No team had pushed St. Joseph’s like that.
If there is a positive to draw from Oceanside’s loss to the now nine-time defending state champion Knights, it’s that the Sharks, in their fourth year as a program, appear to have matured into a legitimate title contender as viable as any.
Oceanside fell, 3-2, to St. Joseph’s in the Class AA volleyball state championship match Saturday at River Bluff High School in Columbia.
The Landsharks are the only team to play the Knights to five sets in any postseason match at any point during their nine-year title reign.
“We were confident that we could win,” Oceanside coach Amir Khaledi said. “We were prepared and, honestly, we played well. St. Joseph’s just played one set better than we did.”
St. Joseph’s has dominated the past decade of volleyball in the state. The Knights didn’t drop even a single set in the postseason from 2013-18, that includes a three-set sweep of Oceanside in last season’s title match.
The first set on Saturday began strikingly similar. Sophomore setter Kimmie Thompson quickly turned a 3-3 tie into an 8-3 Knights advantage, serving through a run of five straight points. Oceanside pulled back within 12-9 but couldn’t sustain in an eventual 25-15 loss.
St. Joseph’s was especially strong from the service line against Oceanside. The Knights entered with a serve percentage around 91 percent this season. They averaged 97 percent against Oceanside with 11 aces. No team scored more points off serves against Oceanside this season.
“They jumped on us quickly and by the time we got our act together it was too late,” Khaledi said. “They were very aggressive with their serving. We weren’t necessarily expecting that based on what we’d seen from them this season. From a technicality standpoint, that was probably the one thing I think they really did better than us.”
Oceanside evened the match with a 25-17 win in the second set. It was the Landsharks this time who were effective early. Olivia Yarborough pushed Oceanside ahead 4-3 with a timely tip over two would-be blockers at the net. She came up with back-to-back kills shortly after to pry open a 7-4 lead. Oceanside closed on a 6-2 run that Yarborough served and fellow senior Kate Majewski finished.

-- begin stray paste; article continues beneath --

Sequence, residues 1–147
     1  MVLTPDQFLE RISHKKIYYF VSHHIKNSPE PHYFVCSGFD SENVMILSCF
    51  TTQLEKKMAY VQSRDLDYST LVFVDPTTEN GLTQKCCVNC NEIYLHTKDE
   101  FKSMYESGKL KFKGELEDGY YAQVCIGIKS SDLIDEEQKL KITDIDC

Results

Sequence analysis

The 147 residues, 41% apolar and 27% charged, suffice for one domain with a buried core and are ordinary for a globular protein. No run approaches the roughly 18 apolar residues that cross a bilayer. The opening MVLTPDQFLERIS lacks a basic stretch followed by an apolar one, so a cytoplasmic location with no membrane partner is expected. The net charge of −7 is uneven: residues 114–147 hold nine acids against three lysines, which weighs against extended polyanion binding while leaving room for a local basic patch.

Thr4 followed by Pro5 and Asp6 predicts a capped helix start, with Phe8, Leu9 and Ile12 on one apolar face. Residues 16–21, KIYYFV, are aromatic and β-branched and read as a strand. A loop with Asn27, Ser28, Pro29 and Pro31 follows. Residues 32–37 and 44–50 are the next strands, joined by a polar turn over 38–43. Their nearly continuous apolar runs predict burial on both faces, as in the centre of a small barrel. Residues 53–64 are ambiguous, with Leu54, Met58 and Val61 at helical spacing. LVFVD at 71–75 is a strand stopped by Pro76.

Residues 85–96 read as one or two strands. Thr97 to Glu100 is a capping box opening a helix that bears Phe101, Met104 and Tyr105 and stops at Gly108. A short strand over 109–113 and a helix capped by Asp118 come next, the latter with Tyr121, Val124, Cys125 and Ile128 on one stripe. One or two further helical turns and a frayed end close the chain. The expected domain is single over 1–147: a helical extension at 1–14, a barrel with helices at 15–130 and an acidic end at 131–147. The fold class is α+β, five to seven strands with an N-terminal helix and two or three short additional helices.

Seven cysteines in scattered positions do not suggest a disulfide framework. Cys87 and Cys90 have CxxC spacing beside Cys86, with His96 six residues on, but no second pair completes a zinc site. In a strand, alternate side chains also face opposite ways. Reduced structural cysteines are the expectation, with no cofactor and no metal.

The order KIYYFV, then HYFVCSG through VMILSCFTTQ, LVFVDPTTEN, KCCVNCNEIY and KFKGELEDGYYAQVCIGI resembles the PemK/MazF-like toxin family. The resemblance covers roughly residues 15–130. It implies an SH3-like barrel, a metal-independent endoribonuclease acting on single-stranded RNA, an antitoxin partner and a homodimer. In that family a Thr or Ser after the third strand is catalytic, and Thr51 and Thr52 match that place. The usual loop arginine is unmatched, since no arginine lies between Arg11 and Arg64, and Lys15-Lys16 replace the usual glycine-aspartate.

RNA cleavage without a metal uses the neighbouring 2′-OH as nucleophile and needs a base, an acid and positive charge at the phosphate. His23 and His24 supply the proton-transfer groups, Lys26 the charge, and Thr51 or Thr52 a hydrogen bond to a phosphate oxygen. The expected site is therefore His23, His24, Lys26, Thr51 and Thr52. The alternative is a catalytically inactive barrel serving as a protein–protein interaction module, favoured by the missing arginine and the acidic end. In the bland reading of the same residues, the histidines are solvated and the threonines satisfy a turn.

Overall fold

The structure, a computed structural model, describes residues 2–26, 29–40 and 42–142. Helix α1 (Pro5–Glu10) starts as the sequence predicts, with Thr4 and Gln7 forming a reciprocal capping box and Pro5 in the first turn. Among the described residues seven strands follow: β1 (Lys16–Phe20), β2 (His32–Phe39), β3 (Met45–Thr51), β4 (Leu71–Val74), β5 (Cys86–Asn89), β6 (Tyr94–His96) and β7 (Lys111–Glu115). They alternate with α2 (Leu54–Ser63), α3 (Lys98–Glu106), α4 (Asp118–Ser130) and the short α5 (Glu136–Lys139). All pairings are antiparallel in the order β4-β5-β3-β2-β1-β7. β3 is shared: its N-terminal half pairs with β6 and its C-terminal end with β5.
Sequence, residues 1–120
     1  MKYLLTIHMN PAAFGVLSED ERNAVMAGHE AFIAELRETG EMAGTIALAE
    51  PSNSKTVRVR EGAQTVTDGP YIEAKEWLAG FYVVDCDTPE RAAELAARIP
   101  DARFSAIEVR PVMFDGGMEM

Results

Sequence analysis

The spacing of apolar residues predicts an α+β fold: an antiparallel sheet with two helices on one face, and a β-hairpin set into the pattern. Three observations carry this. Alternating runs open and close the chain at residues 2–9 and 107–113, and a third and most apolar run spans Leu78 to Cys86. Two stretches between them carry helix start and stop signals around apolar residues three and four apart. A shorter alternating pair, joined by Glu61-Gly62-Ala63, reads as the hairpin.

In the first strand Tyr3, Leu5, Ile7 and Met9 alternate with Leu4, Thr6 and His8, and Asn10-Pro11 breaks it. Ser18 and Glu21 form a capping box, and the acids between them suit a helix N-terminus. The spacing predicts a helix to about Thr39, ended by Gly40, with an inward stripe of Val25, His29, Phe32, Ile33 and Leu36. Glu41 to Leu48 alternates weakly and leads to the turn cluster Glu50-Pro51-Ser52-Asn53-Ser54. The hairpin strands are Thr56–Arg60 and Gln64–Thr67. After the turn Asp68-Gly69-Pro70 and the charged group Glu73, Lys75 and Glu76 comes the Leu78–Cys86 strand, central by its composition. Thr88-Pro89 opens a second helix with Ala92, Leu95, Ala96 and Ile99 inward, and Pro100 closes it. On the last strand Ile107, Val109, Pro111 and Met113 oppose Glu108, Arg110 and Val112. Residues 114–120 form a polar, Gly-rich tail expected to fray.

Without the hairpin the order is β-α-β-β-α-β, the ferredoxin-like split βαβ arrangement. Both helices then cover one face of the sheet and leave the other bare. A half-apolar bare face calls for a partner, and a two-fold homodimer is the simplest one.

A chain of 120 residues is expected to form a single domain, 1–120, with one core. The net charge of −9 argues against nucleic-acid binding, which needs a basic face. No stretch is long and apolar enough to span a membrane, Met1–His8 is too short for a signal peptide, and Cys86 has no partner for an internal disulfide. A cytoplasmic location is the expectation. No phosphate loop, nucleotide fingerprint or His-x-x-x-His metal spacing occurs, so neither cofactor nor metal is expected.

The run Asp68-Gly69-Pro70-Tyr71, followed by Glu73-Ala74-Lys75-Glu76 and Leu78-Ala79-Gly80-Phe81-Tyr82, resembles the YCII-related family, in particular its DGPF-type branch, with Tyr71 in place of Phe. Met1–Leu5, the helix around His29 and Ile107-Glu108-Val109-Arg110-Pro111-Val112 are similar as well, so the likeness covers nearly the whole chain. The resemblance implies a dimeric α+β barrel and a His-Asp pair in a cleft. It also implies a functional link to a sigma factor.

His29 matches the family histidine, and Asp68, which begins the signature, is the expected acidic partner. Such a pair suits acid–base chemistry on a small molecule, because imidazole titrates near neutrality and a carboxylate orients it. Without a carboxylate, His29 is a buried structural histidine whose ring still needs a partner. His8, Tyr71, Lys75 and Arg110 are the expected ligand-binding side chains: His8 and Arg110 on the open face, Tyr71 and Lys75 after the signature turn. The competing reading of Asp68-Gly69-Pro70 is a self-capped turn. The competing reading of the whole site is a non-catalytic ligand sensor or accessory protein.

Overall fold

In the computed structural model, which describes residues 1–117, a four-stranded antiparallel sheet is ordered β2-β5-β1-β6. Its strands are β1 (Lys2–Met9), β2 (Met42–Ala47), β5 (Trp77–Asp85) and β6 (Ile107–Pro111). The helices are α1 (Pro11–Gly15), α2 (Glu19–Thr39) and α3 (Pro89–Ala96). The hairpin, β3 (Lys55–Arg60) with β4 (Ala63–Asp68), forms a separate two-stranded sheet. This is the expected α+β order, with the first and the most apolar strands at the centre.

Yarborough finished with 16 kills, Majewski added 14. Oceanside won the second set with several big digs off powerful returns from St. Joseph’s. Junior libero Jordan Bartemeyer finished with 25 digs. Majewski logged 24, and Yarborough, Taylor Hills and Sophie Meredith each added 10.
“Our experience and leadership was focused and disciplined,” Khaledi said. “We kind of, collectively among us, try to train them to be disciplined so that if we get down early like we did, we’re still focused enough to keep playing.”
St. Joseph’s and Oceanside traded the next two sets too.
St. Joseph’s took the third 25-16. The Knights reeled off seven straight points through the middle of the match with sophomore Maggie Patterson serving. Patterson finished with eight kills and three aces. Senior Sydney Nobarak was especially effective at the net. She led all players with 31 kills in the match.
Oceanside countered with a 25-18 win in the fourth. A back-and-forth opening left the set even at 9-9. Oceanside took nine of the next 12 games to open an 18-12 cushion. Meredith distributed well throughout the floor, as she did most of the night. The senior setter finished with a career-high 46 assists in her final high school match.
“It’s a really weird game. The momentum just changes so much,” Khaledi said. “I think it was good that we came back after every loss. We just didn’t have a chance to do that after the fifth set.”
St. Joseph’s dominated the fifth set 15-4. The Knights won the first six points and never relented as Oceanside was left reeling with an assortment of errant returns, violations and miscues uncharacteristic of the previous four sets.
“They got on us so fast. There was just no time, in a set to 15, to come back. The match was over just like that,” Khaledi said. “And when you try to focus even more and try to play harder, the nature of volleyball, you start to make mistakes and at the wrong time for us."
It obviously wasn’t the ending Oceanside had hoped for. The Sharks realistically through a state title was in reach this season. Still, consecutive Lower State championships and state runner-up finishes by the program’s fourth year would suggest things are going well. And Khaledi believes the program is still trending upward.
The Landsharks will lose a large share of production with Yarborough, Majewski and Meredith graduating. Leadership and experience will be the toughest to replace with the departure of the three. Intangibles are harder to replicate. Khaledi, though, believes from a talent perspective, Oceanside — who carries a deep bench and enjoyed an undefeated junior varsity season this year — is fortified well for years to come.
“I can put six players on the court right now, without the seniors we’re losing, and people wouldn’t realize the difference,” Khaledi said. “There are a lot of thing we will miss without those seniors. That calmness is important. But just on the court, technically, we should still be very, very strong.”
Oceanside appears to have made itself comfortable within the state hierarchy.